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This sets up your solution landscape as it gives you a glimpse of all the moving parts of your solution. It also tells you what component needs to be worked on first and what components depend on each other.

For example, in this case, the visualization of my objects tells me that the fuselage needs to be worked on first because every other object depends on it.

4. Iterate

OOCoDe is inherently recursive. When you first define your objects for your solution, you may not get them right. This will become apparent when you start implementing these objects. You might have to re-define and shuffle your objects around. This is normal and part of object design. We can only guess the objects that we need at the start, only by implementing them, will we get a better understanding of what objects we need to have.

When creating and defining objects, A good rule of thumb is when you feel like your object is doing too many things, then you need to split it into multiple objects. Try to avoid making too many small objects or making too large objects. The best object is normally somewhere in the middle but it does take a few iterations to get there.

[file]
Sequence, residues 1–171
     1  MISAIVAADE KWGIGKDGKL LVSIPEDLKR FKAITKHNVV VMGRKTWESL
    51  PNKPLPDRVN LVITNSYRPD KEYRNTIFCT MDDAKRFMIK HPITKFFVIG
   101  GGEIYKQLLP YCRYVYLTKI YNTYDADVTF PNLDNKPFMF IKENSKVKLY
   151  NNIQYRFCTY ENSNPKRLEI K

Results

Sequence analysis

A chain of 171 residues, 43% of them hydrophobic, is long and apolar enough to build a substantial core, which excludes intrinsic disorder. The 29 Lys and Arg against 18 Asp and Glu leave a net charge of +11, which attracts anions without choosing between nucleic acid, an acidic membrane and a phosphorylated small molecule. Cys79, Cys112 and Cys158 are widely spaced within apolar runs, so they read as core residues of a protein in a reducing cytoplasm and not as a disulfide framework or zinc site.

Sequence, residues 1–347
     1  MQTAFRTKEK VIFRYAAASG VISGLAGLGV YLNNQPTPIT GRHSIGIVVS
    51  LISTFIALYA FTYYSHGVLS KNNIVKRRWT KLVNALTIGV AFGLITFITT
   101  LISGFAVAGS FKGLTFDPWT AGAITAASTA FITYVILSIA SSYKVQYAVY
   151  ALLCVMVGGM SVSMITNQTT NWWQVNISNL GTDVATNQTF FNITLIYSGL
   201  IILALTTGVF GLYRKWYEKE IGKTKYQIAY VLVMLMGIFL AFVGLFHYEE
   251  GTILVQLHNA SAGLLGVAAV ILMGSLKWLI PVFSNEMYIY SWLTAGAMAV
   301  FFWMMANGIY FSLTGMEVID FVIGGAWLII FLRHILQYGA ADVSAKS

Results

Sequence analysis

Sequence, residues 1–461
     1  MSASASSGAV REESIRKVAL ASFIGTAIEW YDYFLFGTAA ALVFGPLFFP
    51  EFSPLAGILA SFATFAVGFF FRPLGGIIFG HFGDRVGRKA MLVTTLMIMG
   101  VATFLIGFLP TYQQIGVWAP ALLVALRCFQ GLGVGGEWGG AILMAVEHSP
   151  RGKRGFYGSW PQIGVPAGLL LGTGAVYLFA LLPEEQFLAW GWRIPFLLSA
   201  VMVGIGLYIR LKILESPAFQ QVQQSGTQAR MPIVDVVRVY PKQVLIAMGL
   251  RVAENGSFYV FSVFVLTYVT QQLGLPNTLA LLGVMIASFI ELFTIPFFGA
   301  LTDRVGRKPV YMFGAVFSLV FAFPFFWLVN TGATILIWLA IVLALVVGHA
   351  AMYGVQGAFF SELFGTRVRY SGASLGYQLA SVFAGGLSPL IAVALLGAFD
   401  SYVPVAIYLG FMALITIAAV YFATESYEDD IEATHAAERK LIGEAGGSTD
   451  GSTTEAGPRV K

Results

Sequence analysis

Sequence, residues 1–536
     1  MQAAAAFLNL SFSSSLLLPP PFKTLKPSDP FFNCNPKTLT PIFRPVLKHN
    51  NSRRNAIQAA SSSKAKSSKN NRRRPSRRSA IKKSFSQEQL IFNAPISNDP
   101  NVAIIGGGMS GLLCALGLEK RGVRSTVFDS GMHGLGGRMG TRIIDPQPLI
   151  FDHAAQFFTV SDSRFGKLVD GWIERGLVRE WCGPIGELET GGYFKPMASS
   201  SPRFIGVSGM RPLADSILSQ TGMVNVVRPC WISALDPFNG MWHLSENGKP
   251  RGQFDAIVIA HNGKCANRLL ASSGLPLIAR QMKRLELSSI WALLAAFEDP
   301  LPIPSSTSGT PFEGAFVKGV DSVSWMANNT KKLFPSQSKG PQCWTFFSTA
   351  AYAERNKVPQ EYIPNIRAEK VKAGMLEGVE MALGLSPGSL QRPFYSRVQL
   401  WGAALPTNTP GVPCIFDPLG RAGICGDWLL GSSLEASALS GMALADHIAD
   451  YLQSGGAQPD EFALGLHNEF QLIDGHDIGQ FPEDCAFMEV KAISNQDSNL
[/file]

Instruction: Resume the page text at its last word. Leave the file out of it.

In this case, let’s say I started implementing the objects and found out that the fuselage objects is really complicated. I found that the fuselage is really two things, the cockpit and the body of the airplane. I can actually change my object definition to suit this new change.

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It’s unrealistic to correctly define all our objects the first time for any problem, it needs to go through feedback loops and iterations to get to the right spot.

Final Thoughts

Hopefully by now, you see the advantages that OOCoDe has to offer. By thinking in objects, we can establish a shared ontology with those around us. This not clarifies your solution but also makes communicating with others much easier. As designers, it's crucial to not only solve problems but to do so in a manner that is understandable and versatile. With OOCoDe, we can achieve a balance, ensuring our designs are both efficient and effectively communicated.